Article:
2021 Election: Former councilman Paul Lawler running for re-election, two years after first term

WILMINGTON –– Paul Lawler, a former Wilmington councilman from 2015 to 2019, is seeking a second term on his old seat.

Port City Daily has sent a questionnaire to every candidate running in municipal elections, which are nonpartisan, and has dropped its paywall on the profiles to help voters make informed decisions ahead of the 2021 election year. (Though, your support of local, independent journalism is appreciated through a monthly subscription. Also, consider signing up for Port City Daily’s free newsletter, Wilmington Wire, to get the headlines delivered to your inbox every morning.)

As a reminder, the early voting period begins Oct. 14, with the registration deadline on Oct. 8. Voters may partake in same-day registration throughout the two-week early voting period, which ends Oct. 30 (check if your registration is active at your current address).

Election Day is Nov. 2.

Lawler’s stances on local issues are discussed below. Port City Daily has included all responses in full, and only edited responses for grammatical and spelling errors.

READ MORE: Catch up on all political coverage

Paul Lawler — Democrat

  • Education: NCSU, BA, Accounting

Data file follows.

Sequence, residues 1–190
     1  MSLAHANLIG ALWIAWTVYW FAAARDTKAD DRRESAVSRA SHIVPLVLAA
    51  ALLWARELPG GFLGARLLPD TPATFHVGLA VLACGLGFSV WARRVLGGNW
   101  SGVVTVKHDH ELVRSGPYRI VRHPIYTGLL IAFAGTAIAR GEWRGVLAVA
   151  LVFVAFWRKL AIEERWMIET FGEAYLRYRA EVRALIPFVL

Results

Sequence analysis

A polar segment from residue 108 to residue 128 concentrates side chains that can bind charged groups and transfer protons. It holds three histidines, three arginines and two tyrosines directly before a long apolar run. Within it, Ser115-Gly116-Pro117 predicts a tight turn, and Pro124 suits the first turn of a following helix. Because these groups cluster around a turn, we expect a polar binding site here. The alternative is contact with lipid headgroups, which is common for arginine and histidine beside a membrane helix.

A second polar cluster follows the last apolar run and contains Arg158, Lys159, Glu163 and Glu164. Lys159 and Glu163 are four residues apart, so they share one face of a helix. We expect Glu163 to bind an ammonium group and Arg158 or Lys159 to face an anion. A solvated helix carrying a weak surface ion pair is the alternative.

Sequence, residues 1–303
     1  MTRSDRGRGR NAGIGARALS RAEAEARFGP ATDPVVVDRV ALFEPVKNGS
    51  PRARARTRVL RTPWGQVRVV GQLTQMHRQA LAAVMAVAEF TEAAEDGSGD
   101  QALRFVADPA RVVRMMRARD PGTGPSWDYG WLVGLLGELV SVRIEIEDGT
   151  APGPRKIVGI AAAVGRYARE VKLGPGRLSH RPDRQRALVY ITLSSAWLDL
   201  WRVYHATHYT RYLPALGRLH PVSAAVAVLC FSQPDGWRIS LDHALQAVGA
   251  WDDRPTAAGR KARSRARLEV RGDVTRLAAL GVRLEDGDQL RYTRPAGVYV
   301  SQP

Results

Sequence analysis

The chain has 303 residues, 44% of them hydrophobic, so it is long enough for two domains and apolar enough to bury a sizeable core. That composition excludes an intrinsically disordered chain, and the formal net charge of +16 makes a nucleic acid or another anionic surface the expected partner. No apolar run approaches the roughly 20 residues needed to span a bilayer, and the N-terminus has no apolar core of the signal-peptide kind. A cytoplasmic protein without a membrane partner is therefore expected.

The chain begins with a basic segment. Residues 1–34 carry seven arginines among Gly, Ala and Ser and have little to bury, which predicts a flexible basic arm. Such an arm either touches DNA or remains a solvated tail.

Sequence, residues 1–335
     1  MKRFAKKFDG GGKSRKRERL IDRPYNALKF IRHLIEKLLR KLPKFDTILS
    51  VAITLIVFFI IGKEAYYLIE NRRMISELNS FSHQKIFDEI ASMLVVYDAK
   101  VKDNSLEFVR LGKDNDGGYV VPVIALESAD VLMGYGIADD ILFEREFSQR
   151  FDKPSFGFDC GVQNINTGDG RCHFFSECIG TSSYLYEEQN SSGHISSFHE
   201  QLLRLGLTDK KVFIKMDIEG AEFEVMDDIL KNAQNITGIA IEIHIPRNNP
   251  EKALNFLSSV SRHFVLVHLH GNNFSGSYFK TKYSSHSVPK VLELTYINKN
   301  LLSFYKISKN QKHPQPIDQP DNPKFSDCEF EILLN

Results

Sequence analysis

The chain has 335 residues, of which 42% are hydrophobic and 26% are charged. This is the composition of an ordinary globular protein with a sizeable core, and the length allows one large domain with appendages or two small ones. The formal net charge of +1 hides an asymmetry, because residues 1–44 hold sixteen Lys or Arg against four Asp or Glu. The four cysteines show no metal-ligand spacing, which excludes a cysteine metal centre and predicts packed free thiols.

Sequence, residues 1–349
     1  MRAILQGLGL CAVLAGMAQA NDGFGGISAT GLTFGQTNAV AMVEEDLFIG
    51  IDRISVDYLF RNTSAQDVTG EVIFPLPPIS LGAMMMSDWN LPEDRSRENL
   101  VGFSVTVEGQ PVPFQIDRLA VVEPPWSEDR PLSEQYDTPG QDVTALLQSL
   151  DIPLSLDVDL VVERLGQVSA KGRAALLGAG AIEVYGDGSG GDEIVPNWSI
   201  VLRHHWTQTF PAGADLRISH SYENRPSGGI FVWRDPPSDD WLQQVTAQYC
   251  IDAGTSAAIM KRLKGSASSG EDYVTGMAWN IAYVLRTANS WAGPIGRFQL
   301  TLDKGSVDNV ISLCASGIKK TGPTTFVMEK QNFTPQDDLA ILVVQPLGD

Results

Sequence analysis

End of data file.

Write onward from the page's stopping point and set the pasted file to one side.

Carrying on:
• Job title: Retired
  • Experience:
    • One term city council, 2015 to 2019
    • WAVE Transit Board
    • Alliance for Cape Fear Trees Board
    • Rail Trail Steering Committee
    • Wilmington Rotary Board
  • Family: Married

Port City Daily (PCD): What is your top priority, if elected a seat on council? How will you address it?
Paul Lawler (PL): My top priorities are to create more job opportunities for Wilmingtonians and make the growth work for us. Too many of our residents have poor economic opportunities which leads to a host of social problems. Council can have an impact here (see 8 below.) On some days it seems the entire east coast is moving to the Wilmington area. We need to be sure that Wilmington retains what makes it special through all the growth (see 6 & 7 below.)

PCD: What do you believe is the solution to the affordable housing crisis? Are you supportive of a housing bond? Why or why not?